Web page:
ICSA Summer Camp 2017-Day 1
The Russian martial arts employ a variety of soft, slow sparring drills.Â This Â â€œsoft workâ€ is intended to allow students the time to identify existing reflexes and to gradually improve their responses. Often termed â€œnatural movementâ€, naturalness does not simply refer to you doing whatever you want to.Â Rather it refers to the execution of biomechanically efficient movement which operates according to the optimalÂ function of the body. This begins with awareness. Next, it must include high, mindful, intentional repetitions to hone automatic, procedural skill. Finally, it must include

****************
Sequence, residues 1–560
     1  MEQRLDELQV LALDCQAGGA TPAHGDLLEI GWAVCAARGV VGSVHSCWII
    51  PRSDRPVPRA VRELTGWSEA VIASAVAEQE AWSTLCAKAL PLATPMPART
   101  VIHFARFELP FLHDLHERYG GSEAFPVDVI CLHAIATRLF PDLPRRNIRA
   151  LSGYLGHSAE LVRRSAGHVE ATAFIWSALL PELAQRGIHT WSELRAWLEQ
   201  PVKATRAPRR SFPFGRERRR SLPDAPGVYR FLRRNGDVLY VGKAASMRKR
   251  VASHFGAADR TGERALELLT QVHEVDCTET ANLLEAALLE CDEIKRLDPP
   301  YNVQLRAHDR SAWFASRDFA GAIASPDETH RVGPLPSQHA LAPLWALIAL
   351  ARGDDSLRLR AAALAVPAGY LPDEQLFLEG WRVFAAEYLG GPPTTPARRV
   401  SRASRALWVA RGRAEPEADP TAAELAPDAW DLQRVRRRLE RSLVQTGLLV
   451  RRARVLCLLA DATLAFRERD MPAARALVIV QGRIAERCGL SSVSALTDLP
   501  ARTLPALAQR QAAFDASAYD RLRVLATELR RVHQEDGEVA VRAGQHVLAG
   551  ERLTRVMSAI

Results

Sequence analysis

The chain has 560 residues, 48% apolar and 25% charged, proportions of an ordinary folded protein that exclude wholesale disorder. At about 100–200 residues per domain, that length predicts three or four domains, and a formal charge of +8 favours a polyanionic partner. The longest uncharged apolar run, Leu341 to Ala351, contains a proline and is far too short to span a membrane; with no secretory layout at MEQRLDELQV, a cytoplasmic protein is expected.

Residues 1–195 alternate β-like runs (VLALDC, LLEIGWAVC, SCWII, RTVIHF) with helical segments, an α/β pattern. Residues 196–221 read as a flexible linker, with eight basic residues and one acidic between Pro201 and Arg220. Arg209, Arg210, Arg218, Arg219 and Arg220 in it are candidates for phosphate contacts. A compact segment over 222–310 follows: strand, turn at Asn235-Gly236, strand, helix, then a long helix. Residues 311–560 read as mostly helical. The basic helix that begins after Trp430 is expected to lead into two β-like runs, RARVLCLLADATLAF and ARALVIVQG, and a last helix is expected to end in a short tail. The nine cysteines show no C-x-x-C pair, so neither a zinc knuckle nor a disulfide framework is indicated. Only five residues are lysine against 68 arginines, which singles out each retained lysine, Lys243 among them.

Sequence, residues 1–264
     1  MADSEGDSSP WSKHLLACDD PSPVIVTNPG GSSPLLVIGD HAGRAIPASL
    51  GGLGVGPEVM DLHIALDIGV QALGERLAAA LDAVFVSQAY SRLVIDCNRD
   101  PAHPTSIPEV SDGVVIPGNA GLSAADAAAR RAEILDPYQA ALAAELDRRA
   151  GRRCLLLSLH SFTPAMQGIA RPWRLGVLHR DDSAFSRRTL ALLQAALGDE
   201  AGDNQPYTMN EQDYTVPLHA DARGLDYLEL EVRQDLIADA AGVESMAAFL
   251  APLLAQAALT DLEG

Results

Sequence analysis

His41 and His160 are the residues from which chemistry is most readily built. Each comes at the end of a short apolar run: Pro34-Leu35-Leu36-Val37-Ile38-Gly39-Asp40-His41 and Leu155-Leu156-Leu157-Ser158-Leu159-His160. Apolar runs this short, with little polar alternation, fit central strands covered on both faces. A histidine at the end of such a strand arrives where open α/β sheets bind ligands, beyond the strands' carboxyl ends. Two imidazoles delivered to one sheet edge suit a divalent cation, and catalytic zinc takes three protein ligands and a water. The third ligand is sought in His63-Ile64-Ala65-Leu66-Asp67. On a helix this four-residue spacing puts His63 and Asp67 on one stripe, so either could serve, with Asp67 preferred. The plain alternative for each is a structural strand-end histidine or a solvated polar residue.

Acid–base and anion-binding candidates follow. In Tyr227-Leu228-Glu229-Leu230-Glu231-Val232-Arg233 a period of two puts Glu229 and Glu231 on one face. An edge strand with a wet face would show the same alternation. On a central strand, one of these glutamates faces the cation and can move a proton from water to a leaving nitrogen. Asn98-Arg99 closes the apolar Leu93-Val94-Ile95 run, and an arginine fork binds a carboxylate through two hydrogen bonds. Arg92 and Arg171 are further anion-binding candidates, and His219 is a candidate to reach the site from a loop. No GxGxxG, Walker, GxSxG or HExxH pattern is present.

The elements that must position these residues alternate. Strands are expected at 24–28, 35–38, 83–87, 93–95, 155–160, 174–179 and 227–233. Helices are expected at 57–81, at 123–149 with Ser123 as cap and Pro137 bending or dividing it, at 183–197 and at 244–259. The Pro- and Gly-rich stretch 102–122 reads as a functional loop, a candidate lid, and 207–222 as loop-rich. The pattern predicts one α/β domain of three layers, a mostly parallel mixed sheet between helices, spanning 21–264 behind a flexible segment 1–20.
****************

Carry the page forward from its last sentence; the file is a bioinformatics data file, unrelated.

stress inoculation so that students increasingly replace fear with familiarity, better learn to identify the symptoms of the onset of fear responses and how to manage it, and finally, become versed at recovering from panic. The cultivation of this awareness must be done carefully. Too often, the cultivation of the attribute is mistaken for the combative application and the result is time wasted performing impossible defenses to ultra slow, unrealistic, Â zombie like attacks, which pollute the internet with embarrassing representations of the true system and give honest and sincere students a false sense of security. So, day one will highlight the most essential biomechanical drills in Systema, define clear slow work parameters, but continuously push the practitioner towards the harder end of the spectrum.